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Punching In: Industry Anxiety Over Shot Mandate Spurs Legal Prep

Oct. 25, 2021, 9:03 AM

Monday morning musings for workplace watchers

NFIB Taking on OSHA? | Enforcing OSHA’s Other Virus Rule

Ben Penn: As the Biden administration moves closer to unveiling its vaccine mandate for the private sector, there’s mounting anxiety in corporate America and a greater likelihood of industry lawsuits seeking to thwart the Labor Department’s regulation.

Many in the business community were supportive—or at least not publicly hostile—when President Joe Biden directed the Occupational Safety and Health Administration last month to begin an emergency rulemaking to require workforce vaccinations or weekly testing at companies with at least 100 employees.

Employers wrestling with return-to-office questions suddenly had government cover to require vaccination.

Six weeks later, alarm over the supply-chain crisis and fears of losing vaccine-resistant workers have employer groups striking a different tone, according to interviews with eight lobbyists and attorneys.

Big Law workplace safety attorneys are now gearing up to file legal challenges on behalf of business clients, we’re told, and several prominent trade associations are considering serving as a plaintiff—which would provide anonymity for member companies that finance the action.

The National Federation of Independent Business is emerging as the most likely industry group to join the horde of GOP state attorneys general and conservative interest groups that are likely to sue to block the emergency temporary standard.

Elizabeth Milito, who manages litigation at NFIB’s Small Business Legal Center, said the group doesn’t think OSHA can satisfy the “grave danger” threshold the agency is bound by law to meet to justify an emergency rule.

“We are concerned about the burden this will impose on businesses in that 100-500 [employee] range, and then we are concerned about the precedent that an ETS in this situation would set,” Milito said.

She declined to say if her organization will sue, citing the need to review the rule’s text and assess its impact on members, many of which have more than 100 employees.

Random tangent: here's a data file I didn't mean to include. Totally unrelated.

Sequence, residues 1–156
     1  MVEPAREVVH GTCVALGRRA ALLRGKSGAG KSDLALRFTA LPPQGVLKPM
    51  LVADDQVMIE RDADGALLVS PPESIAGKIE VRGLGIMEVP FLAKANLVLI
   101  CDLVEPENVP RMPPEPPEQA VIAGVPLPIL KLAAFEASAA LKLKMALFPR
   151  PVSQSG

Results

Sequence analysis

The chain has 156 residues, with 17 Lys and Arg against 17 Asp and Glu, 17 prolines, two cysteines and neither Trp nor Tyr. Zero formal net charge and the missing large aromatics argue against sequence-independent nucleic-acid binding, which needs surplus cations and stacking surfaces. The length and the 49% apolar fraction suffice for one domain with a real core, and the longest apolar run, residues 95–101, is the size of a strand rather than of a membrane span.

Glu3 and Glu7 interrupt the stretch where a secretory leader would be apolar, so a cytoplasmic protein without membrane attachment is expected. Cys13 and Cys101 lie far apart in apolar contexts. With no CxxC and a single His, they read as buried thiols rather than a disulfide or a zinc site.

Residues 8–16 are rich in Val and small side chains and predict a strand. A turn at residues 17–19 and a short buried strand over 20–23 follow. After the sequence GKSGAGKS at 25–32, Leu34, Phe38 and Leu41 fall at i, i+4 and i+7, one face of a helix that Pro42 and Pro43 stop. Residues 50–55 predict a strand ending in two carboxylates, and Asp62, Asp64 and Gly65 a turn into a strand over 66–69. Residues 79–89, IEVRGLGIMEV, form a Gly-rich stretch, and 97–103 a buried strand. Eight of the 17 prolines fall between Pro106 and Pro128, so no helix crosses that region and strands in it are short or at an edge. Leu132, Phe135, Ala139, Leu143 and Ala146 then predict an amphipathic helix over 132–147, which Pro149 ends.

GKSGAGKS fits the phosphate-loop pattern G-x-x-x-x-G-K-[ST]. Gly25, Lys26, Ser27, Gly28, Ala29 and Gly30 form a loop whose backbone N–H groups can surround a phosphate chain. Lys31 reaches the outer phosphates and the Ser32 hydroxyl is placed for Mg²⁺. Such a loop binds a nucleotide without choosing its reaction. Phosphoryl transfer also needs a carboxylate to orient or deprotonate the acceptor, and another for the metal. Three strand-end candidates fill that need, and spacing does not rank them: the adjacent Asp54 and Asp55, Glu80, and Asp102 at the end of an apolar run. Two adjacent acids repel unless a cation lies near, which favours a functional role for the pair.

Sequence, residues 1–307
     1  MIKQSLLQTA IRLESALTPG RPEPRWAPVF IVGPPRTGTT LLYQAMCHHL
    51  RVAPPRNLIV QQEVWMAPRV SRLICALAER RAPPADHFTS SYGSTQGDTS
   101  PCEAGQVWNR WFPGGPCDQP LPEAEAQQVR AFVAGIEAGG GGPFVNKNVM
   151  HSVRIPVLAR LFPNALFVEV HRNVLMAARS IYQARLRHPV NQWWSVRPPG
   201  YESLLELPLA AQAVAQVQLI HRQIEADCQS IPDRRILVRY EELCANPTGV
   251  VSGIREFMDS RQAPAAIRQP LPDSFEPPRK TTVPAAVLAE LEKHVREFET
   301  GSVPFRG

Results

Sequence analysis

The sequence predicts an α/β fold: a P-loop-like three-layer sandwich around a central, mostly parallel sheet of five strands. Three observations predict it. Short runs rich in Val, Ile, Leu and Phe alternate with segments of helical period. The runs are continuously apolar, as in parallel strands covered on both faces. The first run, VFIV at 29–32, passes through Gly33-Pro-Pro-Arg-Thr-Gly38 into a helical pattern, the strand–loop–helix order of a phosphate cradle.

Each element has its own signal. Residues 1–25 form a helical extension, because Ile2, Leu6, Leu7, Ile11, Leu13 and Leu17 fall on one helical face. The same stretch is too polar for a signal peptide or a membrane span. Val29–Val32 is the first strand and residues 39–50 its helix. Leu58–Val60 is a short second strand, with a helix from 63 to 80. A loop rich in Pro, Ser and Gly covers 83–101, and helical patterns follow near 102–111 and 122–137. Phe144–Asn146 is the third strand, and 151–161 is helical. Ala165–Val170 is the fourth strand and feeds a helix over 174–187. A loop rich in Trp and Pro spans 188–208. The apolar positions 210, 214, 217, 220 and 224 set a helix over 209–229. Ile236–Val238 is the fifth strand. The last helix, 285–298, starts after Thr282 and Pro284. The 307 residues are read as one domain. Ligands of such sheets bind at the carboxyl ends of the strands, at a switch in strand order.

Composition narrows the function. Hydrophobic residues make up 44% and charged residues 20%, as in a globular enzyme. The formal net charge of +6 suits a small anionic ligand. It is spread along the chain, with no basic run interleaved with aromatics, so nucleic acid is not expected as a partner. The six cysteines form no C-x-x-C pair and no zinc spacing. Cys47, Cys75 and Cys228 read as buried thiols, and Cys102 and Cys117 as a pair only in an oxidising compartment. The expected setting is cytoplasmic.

President Joe Biden discussed next steps in the U.S. vaccination campaign during a press event in the Eisenhower Executive Office Building on Oct. 14.
Photographer: Al Drago/Bloomberg via Getty Images

A wave of litigation was expected from the moment Biden announced the coming mandate, but business groups joining the fray would present an increased threat to the administration—even though some of the most powerful industry lobbying organizations, such as the U.S. Chamber of Commerce, are likely to sit it out.

There are several reasons why. For starters, if the White House hemorrhages industry partners, it could hamper Biden’s overall goal of encouraging Americans to get vaccinated.

On the legal front, trade associations have a decided edge over other interested parties in litigating regulations. Many have a record of winning court decisions that strike down Democratic administration rules, and they have deep pockets to pay the elite management attorneys whose practices are devoted to attacking executive branch actions.

NFIB’s legal arm also has a unique advantage compared with other industry players in Washington. Unlike other litigation centers, the Small Business Legal Center is structured as a 501(c)(3), meaning it can accept donations from private citizens, not just member companies.

That means if NFIB sues, anyone who opposes Biden’s mandate could provide financial backing.

Multiple attorneys with experience suing the federal government said that a prominent firm would charge at least $250,000 to $300,000 to initiate legal action over the OSHA rule, and the final tab could approach seven figures.